Tell us your swimming philosophy at SwimMAC.
To provide quality programming at every level (swim lessons to competitive team) to the community that will be inspiring, comprehensive, and fun. We want to show all the great qualities and habits swimming can create to be successful in life.
What is your favorite part of your job?
Interacting with our young athletes and families. It is very rewarding to watch them grow within our program and become such great young people, not just swimmers
What age would you recommend getting started in swim?
As early as infants. Our parent-tot class is a great way to get acclimated in the water. At an early age the emphasis should be on being safe around water and having fun. Stroke proficiency will come as they get older. They need to enjoy the water first.
How does the Summer Olympics affect your swimmers?
The Olympics provides an opportunity to celebrate what our sport can be. Not just the competition but getting to hear all the great stories about how our Olympians made it to that big stage. It is very inspiring and motivating. We get to see that these athletes aren’t superhuman, they went through hard times and have moments of failure but was able to overcome them. We all have doubts and obstacles and to be able to hear the stories can be very motivational and relatable. Our athletes have an opportunity to feel proud about the sport they have chosen to be in.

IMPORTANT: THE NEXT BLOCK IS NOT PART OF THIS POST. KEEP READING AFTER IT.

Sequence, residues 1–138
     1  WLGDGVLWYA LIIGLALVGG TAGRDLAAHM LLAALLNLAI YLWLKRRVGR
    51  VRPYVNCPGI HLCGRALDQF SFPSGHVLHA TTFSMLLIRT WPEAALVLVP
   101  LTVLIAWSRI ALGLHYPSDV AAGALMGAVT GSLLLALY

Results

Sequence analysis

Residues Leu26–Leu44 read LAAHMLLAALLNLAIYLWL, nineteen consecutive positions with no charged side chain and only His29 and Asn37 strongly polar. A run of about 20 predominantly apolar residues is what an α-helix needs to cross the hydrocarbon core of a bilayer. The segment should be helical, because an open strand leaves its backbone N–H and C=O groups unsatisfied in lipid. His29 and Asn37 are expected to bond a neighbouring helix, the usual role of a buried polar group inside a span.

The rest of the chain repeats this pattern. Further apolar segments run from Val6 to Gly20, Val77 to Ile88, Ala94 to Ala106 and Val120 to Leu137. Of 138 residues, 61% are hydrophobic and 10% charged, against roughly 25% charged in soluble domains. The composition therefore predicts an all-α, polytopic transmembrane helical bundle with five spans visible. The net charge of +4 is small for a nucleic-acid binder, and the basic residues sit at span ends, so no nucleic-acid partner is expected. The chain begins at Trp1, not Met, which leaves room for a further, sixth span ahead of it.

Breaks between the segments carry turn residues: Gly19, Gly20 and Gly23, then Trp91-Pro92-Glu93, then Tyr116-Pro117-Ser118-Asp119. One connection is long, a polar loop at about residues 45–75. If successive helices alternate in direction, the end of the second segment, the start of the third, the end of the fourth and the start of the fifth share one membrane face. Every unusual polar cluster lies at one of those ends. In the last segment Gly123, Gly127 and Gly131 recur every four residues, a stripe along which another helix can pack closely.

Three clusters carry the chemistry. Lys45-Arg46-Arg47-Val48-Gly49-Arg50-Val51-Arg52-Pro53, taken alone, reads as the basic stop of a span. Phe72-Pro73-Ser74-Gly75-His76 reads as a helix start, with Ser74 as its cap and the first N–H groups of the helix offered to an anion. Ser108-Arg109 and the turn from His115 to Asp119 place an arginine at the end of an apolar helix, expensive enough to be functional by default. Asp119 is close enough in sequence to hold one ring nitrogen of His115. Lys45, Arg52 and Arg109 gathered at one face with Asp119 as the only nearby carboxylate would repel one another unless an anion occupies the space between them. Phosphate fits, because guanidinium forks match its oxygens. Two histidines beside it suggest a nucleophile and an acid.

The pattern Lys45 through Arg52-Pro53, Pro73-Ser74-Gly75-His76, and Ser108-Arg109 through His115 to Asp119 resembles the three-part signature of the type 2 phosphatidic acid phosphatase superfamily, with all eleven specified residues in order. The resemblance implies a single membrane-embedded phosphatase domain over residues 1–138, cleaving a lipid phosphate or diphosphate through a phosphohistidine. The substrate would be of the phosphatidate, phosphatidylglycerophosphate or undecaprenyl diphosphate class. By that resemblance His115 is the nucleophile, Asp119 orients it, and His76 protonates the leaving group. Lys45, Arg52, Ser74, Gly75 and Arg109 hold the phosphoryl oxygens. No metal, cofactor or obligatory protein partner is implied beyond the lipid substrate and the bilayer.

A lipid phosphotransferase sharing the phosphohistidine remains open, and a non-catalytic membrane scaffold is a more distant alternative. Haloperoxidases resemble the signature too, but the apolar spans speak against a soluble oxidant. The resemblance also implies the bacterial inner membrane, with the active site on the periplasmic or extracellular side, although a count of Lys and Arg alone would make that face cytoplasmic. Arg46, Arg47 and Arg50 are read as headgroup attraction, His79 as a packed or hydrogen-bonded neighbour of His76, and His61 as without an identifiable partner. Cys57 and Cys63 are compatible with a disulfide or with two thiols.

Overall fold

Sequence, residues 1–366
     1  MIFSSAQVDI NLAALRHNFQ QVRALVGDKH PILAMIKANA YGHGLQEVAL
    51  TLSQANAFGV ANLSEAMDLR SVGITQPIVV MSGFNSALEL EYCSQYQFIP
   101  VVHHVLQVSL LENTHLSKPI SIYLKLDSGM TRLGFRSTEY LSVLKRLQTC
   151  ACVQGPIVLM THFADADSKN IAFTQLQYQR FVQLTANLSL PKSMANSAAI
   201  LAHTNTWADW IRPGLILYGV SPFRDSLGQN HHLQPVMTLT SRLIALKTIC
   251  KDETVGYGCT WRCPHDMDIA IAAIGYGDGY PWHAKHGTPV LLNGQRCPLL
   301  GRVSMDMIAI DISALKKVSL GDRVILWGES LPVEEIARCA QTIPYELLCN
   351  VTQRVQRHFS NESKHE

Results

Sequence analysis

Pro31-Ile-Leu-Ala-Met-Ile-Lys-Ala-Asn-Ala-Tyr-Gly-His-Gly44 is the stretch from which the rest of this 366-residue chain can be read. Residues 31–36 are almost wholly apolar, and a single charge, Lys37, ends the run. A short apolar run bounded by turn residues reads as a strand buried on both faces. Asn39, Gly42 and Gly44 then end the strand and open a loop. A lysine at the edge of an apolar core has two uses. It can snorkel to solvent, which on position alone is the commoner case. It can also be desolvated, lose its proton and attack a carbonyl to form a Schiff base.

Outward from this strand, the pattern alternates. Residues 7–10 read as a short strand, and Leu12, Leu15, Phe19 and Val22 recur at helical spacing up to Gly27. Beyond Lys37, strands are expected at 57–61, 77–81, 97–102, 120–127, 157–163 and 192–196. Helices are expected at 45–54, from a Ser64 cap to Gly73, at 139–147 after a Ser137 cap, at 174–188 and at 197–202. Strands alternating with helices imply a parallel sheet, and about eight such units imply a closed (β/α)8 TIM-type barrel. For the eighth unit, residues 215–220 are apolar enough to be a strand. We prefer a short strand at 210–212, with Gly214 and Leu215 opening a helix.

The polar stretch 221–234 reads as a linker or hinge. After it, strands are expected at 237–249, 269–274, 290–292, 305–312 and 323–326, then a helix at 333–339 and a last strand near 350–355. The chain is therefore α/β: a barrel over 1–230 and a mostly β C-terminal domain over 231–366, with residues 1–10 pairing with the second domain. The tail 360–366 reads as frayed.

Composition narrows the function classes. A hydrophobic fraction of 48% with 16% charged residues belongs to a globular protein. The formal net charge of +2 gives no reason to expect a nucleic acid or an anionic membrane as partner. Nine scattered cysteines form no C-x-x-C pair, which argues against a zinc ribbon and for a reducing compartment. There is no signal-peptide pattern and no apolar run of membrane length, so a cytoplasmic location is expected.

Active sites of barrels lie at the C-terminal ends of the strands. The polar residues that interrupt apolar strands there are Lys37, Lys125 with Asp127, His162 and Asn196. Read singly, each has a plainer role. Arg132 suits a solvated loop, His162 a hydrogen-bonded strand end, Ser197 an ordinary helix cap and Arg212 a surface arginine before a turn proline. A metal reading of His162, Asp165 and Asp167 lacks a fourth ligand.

What are you looking for in a year-round competitive swimmer?
We look for a swimmer that is excited about swimming, proficient in all 4 strokes, and shows characteristics of being a good teammate.
What is your vision with swim in the Charlotte area in 5 years?
Our vision in the next 5 years is to continue to build on the foundation of core beliefs that built this club and use that to promote SwimMAC and swimming to more areas of the region. As well as to continue to be a model program in USA swimming to keep the sport attractive and inspiring to all level of kids.
How can we register our kids?
All information can be found on our website, www.swimaccarolina.org
Stanislav Savitch – Zenith Gymnastics
Since 1993, Coach Stass has been a legend in the NC Men’s Gymnastics circuit. If you have a son serious about gymnastics, you will eventually make your way to Zenith Gymnastics where Stass is coach and owner.
When you first meet Stass, you may be intimidated by his Russian roots and history of producing champions. But you’ll be quick to realize that Coach Stass is one of the most kind-hearted and passionate men and coach you’ll ever meet.
We’ll let Stass tell you his story!